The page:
Figure 4. Representatives of the most common PFGE profiles in listeria isolates in Denmark in 2006-2009 (listed according to prevalence)
In the spring of 2009, a verified outbreak included eight cases . The involved PFGE type (type 43-71; Figure 4) had not previously been seen in Denmark. In the autumn of 2009, a cluster of seven cases was identified by PFGE, but could not be confirmed as an outbreak. The PFGE type of this cluster (type 23-03; Figure 4) is a fairly common type represented by between two and five cases per year in previous years.
There has been a general increasing trend in the number of listeriosis cases in Denmark since 2003 and an additional marked increase from 2008 to 2009. The increase in listeriosis incidence in 2009 was seen particularly in the group of patients over 70 years of age. There is no single explanation for this dramatic increase. PFGE typing showed a high diversity of isolates in 2009 as well as in previous years, and the rise cannot be explained by a higher number of cases with any specific L. monocytogenes type. Even disregarding the 15 patients from the two clusters, the incidence is still very high (1.5 per 100,000). It is difficult to explain the steep increase from 2008 to 2009. However, several possible explanations for the general increase are conceivable; examples of such are listed in the Table.
Table. Potential explanations for the observed increase in the number of Listeria monocytogenes infections in Denmark
There are indications that the consumption of ready-to-eat (RTE) products has increased. Consumer surveys from Statistics Denmark, comparing the period from 2005 to 2007 with the period from 2003 to 2005 indicates that expenditures for RTE products have increased by 87% for RTE meat products and by 34% for RTE fish products among individuals older than 60 years and living alone . It will be valuable to obtain data on the frequency of contamination of RTE products with L. monocytogenes from the survey recently launched by the European Food Safety Authority , which should aid in assessing whether consumption of these products could represent a risk factor for acquiring listeriosis.
Susceptibility in the population may increase if the group of persons with predisposing factors, including immunosuppressive conditions and high age, grows , for instance due to better medical treatment and survival of seriously ill people such as cancer patients. As seen in Figure 2, the incidence has risen substantially within the group of over 70-year-olds, so demographic changes alone do not explain the increase. Because an increase is seen in sepsis and in meningitis cases (Figure 3), it seems unlikely that it can be explained by improved routines in taking blood cultures. Nor have, to our knowledge, healthcare practices and reporting procedures changed in recent years.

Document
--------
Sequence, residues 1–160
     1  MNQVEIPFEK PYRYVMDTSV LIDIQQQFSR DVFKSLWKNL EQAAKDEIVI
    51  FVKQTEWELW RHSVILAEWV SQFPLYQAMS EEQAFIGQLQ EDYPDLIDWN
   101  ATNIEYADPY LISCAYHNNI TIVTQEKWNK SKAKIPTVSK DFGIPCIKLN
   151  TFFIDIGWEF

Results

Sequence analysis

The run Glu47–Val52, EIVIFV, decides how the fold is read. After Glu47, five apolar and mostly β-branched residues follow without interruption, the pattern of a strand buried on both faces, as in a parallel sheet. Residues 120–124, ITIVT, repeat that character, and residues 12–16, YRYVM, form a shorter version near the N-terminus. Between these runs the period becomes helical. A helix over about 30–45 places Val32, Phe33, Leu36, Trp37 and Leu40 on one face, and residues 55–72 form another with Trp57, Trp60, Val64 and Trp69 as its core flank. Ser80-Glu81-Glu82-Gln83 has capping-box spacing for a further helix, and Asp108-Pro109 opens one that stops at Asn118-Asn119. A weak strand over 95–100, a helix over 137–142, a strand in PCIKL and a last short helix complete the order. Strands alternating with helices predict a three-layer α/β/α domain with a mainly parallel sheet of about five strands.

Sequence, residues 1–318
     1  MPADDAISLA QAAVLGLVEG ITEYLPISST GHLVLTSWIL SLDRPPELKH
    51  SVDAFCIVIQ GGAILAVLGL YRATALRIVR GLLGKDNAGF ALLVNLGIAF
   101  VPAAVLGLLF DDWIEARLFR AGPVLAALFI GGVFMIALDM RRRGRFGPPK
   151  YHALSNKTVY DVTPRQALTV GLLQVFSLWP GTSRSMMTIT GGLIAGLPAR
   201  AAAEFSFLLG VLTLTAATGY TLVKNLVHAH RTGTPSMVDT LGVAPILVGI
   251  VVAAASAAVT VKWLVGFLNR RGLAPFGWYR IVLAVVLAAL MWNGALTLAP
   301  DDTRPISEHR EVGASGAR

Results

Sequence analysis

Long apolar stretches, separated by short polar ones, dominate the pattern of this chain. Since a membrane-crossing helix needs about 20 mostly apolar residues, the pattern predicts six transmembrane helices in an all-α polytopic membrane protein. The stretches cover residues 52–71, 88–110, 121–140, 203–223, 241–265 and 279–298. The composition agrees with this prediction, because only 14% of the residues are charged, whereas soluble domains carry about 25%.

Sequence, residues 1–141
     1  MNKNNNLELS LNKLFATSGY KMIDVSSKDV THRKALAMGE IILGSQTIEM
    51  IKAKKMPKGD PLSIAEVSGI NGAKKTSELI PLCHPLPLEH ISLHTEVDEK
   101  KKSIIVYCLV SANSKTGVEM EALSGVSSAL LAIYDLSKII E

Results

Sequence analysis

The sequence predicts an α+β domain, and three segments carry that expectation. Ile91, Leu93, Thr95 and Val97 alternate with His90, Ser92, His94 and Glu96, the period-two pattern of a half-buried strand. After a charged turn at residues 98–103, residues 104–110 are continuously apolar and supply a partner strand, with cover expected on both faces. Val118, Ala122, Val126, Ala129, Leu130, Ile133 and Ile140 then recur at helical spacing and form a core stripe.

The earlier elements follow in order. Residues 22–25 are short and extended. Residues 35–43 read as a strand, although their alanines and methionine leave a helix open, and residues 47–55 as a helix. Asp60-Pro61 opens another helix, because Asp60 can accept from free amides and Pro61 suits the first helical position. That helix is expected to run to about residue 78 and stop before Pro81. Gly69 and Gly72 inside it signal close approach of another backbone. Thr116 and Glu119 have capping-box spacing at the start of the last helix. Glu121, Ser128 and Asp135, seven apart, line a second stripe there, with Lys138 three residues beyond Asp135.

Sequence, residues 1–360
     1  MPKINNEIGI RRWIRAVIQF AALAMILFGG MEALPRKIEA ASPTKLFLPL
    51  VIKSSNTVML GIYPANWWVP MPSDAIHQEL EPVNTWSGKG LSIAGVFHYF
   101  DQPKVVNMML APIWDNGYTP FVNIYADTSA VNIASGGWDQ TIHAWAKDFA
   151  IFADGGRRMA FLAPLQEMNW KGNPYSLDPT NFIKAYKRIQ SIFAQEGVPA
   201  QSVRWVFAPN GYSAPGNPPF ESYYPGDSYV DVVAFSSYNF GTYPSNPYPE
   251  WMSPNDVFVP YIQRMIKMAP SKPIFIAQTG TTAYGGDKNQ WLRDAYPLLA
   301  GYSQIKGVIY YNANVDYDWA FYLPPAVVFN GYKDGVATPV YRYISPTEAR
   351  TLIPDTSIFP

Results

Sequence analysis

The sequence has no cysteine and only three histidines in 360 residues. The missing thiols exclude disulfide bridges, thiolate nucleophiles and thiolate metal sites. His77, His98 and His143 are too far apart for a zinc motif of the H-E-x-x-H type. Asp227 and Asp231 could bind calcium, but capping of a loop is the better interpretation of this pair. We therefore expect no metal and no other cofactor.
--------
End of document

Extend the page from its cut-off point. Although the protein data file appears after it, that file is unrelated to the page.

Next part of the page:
Another hypothesis to explain the increase in incidence would be that changes in empirical antibiotic therapy of patients presenting with sepsis could contribute to higher detection rates. While Danish recommendations formerly advised a combination of a penicillin and an aminoglycoside for the treatment of sepsis, the practice has now changed in many places in favour of cephalosporines as first-choice antibiotics. Cephalosporines, to which L. monocytogenes is resistant, are now the most used group of antibiotics in hospitals . If samples for culture are taken after initiation of systemic antibiotic treatment, this could result in fewer false-negative samples. However, the change in treatment has come over several years and while it could have contributed to the gradual increase seen over several years, it seems unlikely that this alone would explain an increase from one year to another.
Unexplained year-to-year fluctuations in the incidence of listeriosis have been reported from several countries [2-4], and could be due to random variations in incidence. In 2010, seven cases of listeriosis have been reported in Denmark as of 1 March. Over the last 17 years, the number of cases in the two first months of the year has varied between two and 13, and it is still too early to predict a trend for 2010. The human, food and environmental sectors involved in listeriosis surveillance in Denmark are currently working together to gather all relevant information about the situation in order to find possible explanations and strategies for future intervention and prevention. Further investigation into typing of isolates and into consumption and handling of foods in the at-risk groups are among the possibilities being considered. Hopefully the results of these investigations will give indications as to possible public health interventions. Communications from other European countries on the situation and suggestions to explain the rise in cases seen in several countries will be of high value.